Tuesday, December 21, 2010

Soccer in Qatar

I guess there's some recent stir lately about how the people who decide such things have decided that the 2022 World Cup will be held in Qatar.  Apparently it's the first strict Muslim nation to host the event, and there's concern all around about that little fact.

Two guys on whom I was eavesdropping at lunch today brought up an interesting point.  If the country is governed by strict Muslim rules (bear with me here, because I admittedly know nothing of Qatar and very little about Muslim rules and traditions and have thus far been too lazy to look it up, though I thoroughly appreciate the freedom to be able to look it up), how will that affect the game?  Specifically, how will it affect the scheduling of the game?  Will they have to periodically break for prayer?  If the games are scheduled around this but one runs into overtime (do they have overtime in soccer?), or something happens to conflict with prayer scheduling, will the game be interrupted during the religious services?

Again, I know very little about the traditions in question.  But it's my limited understanding that there are official prayer times throughout the day and whatnot.  So, if the laws of the country hosting the event in some way require observance of these traditions, or even if it's simply demanded by local cultural norms, will they actually interrupt the games and/or impose these observances upon the stadium crowd?

Here's my take on the potentially-non-existent-for-all-I-know situation.  I hope they do.  Not because I'm religious or because I think it's important or anything like that.  Granted, I am.  And I do, but not for the same reason.  I think it's important because I think the world needs to face something like that.  (Understand also that I care very little for soccer, so little in fact that thus far in this post I have made it a point to refer to it by its American name.)  The world, which considers this sporting event to be pretty important and a big deal all around, needs to be confronted with something like that.

I want them to force their prayer schedule upon every aspect of the World Cup.  Don't be dicks about it or anything, just be firm in standing up for whatever it is you and your people believe.  If you want your culture to be taken seriously, and everybody does, then don't you dare back down or dissolve your convictions.  It's your country, it's your culture, and if people don't like it then they can choose not to attend what may annually be considered the most popular event on the planet.  I'm not a big fan of imposing one's culture on other people, but I'm a huge supporter of standing up for your own values in your own home whether I as an outsider agree with them or not.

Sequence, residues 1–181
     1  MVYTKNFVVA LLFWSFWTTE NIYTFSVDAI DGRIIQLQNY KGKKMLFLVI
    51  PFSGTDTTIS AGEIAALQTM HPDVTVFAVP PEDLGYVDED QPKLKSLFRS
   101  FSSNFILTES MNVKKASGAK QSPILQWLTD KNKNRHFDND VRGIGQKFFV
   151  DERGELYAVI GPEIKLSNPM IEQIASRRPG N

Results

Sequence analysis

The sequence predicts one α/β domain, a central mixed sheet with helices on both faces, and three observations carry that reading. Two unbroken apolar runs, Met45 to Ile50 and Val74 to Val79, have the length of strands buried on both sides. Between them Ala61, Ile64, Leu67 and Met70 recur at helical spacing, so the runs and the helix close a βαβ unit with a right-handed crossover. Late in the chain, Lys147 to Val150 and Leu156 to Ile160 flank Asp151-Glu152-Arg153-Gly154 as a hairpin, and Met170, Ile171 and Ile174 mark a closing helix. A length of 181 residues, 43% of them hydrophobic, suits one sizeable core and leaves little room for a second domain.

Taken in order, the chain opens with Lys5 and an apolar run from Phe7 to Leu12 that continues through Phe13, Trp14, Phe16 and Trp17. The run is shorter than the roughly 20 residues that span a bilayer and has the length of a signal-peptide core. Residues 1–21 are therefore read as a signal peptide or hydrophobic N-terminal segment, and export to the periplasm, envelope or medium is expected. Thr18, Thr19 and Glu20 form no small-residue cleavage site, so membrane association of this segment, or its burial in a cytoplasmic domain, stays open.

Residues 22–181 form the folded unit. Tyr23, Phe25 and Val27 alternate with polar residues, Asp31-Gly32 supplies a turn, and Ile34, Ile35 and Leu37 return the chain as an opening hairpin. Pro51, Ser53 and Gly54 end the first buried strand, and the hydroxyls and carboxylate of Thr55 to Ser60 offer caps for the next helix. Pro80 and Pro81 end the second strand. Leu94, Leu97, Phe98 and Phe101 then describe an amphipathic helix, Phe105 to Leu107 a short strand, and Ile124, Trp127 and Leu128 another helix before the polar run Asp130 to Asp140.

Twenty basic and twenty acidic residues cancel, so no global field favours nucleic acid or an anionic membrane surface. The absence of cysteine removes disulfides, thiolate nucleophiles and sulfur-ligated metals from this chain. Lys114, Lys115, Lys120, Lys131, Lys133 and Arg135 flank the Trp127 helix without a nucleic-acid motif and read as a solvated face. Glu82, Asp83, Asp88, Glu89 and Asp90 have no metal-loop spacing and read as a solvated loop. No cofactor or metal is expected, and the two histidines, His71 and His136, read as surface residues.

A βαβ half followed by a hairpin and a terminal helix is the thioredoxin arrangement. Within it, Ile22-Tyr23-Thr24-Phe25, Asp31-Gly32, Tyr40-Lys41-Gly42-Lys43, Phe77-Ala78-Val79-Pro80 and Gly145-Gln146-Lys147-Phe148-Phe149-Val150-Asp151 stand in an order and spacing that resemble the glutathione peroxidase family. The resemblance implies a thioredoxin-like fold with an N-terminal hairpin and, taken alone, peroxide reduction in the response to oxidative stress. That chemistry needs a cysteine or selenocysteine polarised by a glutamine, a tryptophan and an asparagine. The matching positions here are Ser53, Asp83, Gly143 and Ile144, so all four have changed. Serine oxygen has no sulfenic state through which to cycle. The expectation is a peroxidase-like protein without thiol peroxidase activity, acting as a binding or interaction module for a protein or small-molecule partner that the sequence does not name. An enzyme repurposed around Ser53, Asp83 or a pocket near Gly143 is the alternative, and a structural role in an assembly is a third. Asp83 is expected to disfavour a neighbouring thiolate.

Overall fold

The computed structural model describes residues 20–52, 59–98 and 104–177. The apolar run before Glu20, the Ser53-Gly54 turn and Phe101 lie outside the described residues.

And I want the world to face something like this.  The way I see it, there are two desirable (by me, anyway) outcomes.  Both are equally good in my opinion, because both are equally decisive...
  1. The rest of the world takes offense to this action and stands against Qatar and Muslims in general regarding the scheduling and hosting of the event.
  2. The rest of the world openly and in no uncertain terms reveals itself to be spineless and just goes along with it.
I like both of these outcomes because they each represent a conclusion of some sort.  They each represent a decisive action (even if that action is, in fact, inaction).

See, I don't particularly care about the cultural or religious struggles between various societies.  I find it all to be terribly silly.  But what does bother me is the air of political correctness and people the world over just pussy-footing around and not actually standing up for anything.  Trying to find the least-offensive-to-all solution is the same as not finding a solution.  Don't just bury your heads in the sand.

I think of this much in the same way that I did the last US Presidential election.  I didn't like Obama and I didn't like McCain.  I didn't care who won.  What I did like was that the voters made a clear distinction as to who their choice was.  I didn't care who won, I just wanted a clear and decisive victory.  The previous elections, being split at a nearly even 50/50 decision, were nothing more than flipping a coin a hundred million times.  It wasn't a decision, it was a giant national shrug.

So that's what I want here... decisiveness.  Either stand up for what you believe in or shut up and stop complaining.  Both sides, all sides, I don't care about sides.  One of you needs to reveal the other to be lacking in conviction.  Again, I don't care who wins.  I just want the people who lack the actual desire for winning to stop getting in the way.

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